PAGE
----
Meet Sarah Neutkens, a successful composer, model and art historian from The Netherlands. Besides composing, she studied Art History and works in a gallery by day time. We asked her to round up on her favorite artist and pieces of art. Check out her selection below.
Cover photo: © Ilja Keijzer
Sarah Neutkens, 21, loves art and music. She adores it so much that she makes a living from it. She fills her days with working in a gallery by day and as a composer by night. After Desert Hearts Co-Founder Marbs, Neutkens rounds up her favorite artists.
Sarah Neutkens: “Rodin is my absolute favourite sculptor and, strangely enough, I can’t quite put my finger on what exactly Rodin evokes in me that no other sculptor does. Everything about his sculptures feels just right: they feel alive, you want to interact with them, feel them, know them. His depiction of the great writer Honoré de Balzac, a real monument to the author, is my all-time favourite sculpture. Balzac looks like an absolute monstrosity, a monolithic ugly giant in a messy robe. Rodin created many studies for his Balzac, and added the robe very late in the process of creating this monument. Beneath the gigantic robe are so many interesting layers! From a fat, naked man with his arms crossed to a depiction of the writer as an old hermit. I can keep looking at this sculpture for ever.”
2. Francis Bacon
SN: “Francis Bacon (no, not the philosopher!), well, where do I start? I can’t particularly say I enjoy looking at his paintings: the torment, the strange pain, that Bacon captures is not at all aesthetically pleasing. Yet I can’t take my eyes of his works. They pull you into a greasy, smokey world that gives you a sense of the sublime: you’re looking at something very violent and gruesome from a safe distance. Bacon really stands out for me, he’s so utterly unique. His papal portraits and self-portraits are totally absurd and genius.”
3. Do Ho Suh
SN: “Do Ho Suh is an artist I studied in detail who keeps fascinating me. His works can be seen as a way to make tangible memories of spaces that are no longer there, confronting the viewer with the fact that you carry memories with you (all your life!) but the exact moment, the exact place, smell, et cetera, will never be the same again, gone forever. This feeling of longing for something that’s no longer there (although it’s there, in your memory), this melancholy feeling of accepting the passing of time, really touches me. The way Suh visualises this in a concrete yet poetic way is astonishing. I find his work Reflection incredibly moving.”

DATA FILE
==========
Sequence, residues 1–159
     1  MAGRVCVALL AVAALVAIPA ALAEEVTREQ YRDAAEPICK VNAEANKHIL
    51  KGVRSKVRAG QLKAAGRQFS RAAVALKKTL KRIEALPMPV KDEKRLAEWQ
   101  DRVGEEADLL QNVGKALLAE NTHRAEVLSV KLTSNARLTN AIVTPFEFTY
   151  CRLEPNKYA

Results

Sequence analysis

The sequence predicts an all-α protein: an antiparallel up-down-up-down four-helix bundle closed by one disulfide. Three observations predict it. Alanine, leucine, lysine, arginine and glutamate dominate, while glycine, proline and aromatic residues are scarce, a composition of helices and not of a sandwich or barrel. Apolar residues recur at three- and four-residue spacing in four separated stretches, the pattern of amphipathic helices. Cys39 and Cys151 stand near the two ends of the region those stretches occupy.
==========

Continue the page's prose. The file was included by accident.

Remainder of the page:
4. Arthur Wesley Dow
SN: “The light! The colours! Dow uses colour so beautifully. In his painting The Destroyer you can really feel the color, feel the light. In some of my own compositions I feel the same atmosphere as Dow creates in his paintings.”
5. Max Ernst
SN: “His works look like they come from the future. Unlike other surrealist painters, I feel Max Ernst tried to capture the essence of what the world would look like in a thousand years from then, instead of painting depictions of fantasies, other worlds. Europe After the Rains I and II, for example, definitely show us our world, but not the way our world is now. I find it incredible that Ernst can paint something so familiar whilst making it feel totally alien at the same time.”
SN: “Another artist with such a marvellously boundless imagination: Panamarenko is a sculptor, an inventor, a dreamer. It is very unfortunate that this incredible Belgian artist passed away in 2019, aged 79. His aircrafts are dream vehicles: I wish I could take a trip with the Aeromodeller!”
7. Egon Schiele
SN: “Schiele’s drawings are both incredibly sensual and kind of frightening at the same time: the figures make you fall in love with them and then turn their backs on you, it almost seems. His Nude of a Woman is beautiful. Schiele has a certain edge to his nudes that Klimt misses, I think. While Klimt’s nudes are alluring, sensual, inviting, Schiele’s nudes look a little distorted and distant.”